“Genealogy Seminar Draws 2,700,” Ensign, Oct. 1973, 89
Nearly 3,000 Latter-day Saint priesthood leaders and genealogy workers from throughout the Church recently gathered at Brigham Young University to promote the “spirit of Elijah,” to be instructed in their responsibilities in priesthood genealogy, and to improve their research skills. At the eighth annual Priesthood Genealogical Research Seminar, sponsored by the Priesthood Genealogy Committee and BYU, they attended classes in every phase of genealogy.
Ways to implement the priesthood genealogy program were explored by participants under the direction of Elder Theodore M. Burton, managing director of the Priesthood Genealogy Committee and an Assistant to the Twelve. Also participating were Elders Howard W. Hunter and Mark E. Petersen of the Council of the Twelve.
Highlight of the week-long seminar was a banquet for all participants where President Harold B. Lee told them “not to neglect the living while doing vital work for the dead.” He stressed the importance of the family unit and termed family home evening an important part of Church genealogy work.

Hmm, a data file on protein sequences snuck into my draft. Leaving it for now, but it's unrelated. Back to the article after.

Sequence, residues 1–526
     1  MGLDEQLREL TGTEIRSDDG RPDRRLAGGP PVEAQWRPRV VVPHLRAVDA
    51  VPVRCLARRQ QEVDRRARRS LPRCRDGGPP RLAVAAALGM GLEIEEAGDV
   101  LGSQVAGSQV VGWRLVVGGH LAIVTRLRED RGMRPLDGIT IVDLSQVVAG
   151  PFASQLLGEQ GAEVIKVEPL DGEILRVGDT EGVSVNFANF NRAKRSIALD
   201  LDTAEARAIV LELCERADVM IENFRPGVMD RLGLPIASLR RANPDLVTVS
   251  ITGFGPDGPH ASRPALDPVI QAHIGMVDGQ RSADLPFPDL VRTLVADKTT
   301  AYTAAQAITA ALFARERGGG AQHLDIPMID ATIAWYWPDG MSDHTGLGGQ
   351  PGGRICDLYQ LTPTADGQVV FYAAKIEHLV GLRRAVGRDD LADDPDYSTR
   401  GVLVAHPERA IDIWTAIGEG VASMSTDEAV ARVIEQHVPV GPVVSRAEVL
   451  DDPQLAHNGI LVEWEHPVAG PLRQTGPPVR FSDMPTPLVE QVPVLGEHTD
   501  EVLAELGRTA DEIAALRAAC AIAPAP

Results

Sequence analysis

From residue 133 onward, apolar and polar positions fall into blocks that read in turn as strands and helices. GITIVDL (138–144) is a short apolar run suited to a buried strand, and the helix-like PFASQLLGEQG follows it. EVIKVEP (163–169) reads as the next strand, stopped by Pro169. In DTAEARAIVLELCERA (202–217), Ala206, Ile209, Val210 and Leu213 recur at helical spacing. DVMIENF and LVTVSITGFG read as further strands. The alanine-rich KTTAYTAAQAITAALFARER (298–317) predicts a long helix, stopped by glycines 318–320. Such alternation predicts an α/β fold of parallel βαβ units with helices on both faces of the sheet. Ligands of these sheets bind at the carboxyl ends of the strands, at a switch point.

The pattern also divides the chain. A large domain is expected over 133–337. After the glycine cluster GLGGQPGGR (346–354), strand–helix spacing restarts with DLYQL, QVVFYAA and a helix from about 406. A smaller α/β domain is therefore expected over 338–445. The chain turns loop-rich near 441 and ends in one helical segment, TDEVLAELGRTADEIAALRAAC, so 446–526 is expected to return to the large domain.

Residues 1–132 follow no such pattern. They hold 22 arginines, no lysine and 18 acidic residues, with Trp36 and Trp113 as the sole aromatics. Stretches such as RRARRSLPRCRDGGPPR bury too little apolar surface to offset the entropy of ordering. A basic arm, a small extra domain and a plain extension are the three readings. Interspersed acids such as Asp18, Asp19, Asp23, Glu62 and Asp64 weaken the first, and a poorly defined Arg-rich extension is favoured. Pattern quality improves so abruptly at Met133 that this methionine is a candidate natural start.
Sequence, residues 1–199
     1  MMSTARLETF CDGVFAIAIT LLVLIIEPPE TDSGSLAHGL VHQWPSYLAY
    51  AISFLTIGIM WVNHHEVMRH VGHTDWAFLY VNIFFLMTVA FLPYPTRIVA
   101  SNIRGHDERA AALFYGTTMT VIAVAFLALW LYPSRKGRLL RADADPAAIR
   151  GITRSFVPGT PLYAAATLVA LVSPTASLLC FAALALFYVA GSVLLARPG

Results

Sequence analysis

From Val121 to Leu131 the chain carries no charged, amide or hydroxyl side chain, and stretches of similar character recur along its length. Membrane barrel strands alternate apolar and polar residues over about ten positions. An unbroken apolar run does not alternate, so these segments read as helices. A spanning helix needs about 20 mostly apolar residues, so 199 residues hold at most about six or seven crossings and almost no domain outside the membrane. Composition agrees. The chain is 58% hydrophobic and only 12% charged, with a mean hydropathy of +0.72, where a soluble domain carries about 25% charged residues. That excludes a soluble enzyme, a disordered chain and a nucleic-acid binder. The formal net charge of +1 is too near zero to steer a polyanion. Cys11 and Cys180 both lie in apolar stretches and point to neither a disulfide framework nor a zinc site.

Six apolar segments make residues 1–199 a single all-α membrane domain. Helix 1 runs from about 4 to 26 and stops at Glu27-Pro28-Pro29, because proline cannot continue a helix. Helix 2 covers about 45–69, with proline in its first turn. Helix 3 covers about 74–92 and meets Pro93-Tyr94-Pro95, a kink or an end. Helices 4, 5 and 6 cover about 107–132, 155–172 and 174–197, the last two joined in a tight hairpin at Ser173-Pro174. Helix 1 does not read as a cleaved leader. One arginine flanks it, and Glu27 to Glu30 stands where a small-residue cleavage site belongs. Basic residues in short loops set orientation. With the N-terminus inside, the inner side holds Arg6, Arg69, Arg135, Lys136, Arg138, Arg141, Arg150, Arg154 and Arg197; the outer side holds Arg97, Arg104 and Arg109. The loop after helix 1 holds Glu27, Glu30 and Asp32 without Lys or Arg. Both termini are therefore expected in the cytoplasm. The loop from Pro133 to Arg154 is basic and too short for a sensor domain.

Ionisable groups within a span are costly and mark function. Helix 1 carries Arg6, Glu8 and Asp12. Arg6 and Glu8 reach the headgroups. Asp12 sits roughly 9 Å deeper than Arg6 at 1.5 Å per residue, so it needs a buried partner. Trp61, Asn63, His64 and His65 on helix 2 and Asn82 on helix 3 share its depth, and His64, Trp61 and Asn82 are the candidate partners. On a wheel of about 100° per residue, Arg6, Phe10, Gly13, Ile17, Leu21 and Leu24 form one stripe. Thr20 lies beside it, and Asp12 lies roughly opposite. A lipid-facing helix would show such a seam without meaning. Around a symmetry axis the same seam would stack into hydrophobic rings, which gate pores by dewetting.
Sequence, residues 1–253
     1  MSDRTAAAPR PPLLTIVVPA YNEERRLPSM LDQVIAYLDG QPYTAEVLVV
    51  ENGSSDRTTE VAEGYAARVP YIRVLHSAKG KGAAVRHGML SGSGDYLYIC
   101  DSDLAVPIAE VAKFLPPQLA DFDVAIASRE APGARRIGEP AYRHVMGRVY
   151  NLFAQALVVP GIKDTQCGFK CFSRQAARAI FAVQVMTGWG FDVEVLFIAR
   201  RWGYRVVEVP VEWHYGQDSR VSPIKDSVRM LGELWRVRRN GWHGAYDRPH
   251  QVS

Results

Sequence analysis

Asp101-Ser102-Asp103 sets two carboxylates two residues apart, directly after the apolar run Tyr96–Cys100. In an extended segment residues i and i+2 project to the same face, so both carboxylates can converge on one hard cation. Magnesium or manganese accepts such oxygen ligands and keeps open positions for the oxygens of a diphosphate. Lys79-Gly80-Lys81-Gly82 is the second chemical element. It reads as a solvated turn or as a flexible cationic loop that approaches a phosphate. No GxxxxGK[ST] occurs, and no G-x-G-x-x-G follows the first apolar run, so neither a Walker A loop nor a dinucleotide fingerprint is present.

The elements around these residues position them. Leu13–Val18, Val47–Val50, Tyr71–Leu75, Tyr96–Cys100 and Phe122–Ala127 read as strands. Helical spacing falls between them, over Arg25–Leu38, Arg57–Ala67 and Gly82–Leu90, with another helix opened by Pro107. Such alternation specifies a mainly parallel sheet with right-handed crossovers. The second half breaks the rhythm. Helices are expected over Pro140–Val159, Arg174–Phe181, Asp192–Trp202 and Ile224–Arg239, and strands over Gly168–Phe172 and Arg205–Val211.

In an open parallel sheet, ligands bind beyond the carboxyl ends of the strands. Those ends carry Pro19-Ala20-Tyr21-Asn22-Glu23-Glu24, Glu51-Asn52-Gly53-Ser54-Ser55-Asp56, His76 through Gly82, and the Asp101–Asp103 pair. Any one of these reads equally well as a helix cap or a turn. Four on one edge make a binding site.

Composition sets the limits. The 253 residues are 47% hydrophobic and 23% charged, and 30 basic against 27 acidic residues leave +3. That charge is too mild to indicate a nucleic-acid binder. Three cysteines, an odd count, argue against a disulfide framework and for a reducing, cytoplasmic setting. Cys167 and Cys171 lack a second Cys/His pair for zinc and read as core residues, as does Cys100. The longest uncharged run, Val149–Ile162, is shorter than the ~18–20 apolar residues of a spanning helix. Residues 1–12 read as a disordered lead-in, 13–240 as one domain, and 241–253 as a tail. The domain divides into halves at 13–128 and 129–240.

Also speaking at the banquet was Dr. James O. Mason, commissioner of Health Services for the Church. Speaking on the influence of heredity, he said:
“Genetics helps us to understand that we indeed are of one flesh and that our heritage and blessings are literally related to our progenitors. Our rights, privileges, and blessings as bearers of the priesthood, subject to our individual worthiness, is through a literal or adopted lineage back to Father Abraham.
“What a tremendous obligation is therefore upon us to be noble and valiant in keeping with our heritage.”
In attendance at the seminar were representatives from 105 of the 139 branch genealogical libraries located throughout the United States, Canada, Mexico, Australia, and New Zealand. In addition, representatives from 15 areas seeking approval to become branch libraries also attended.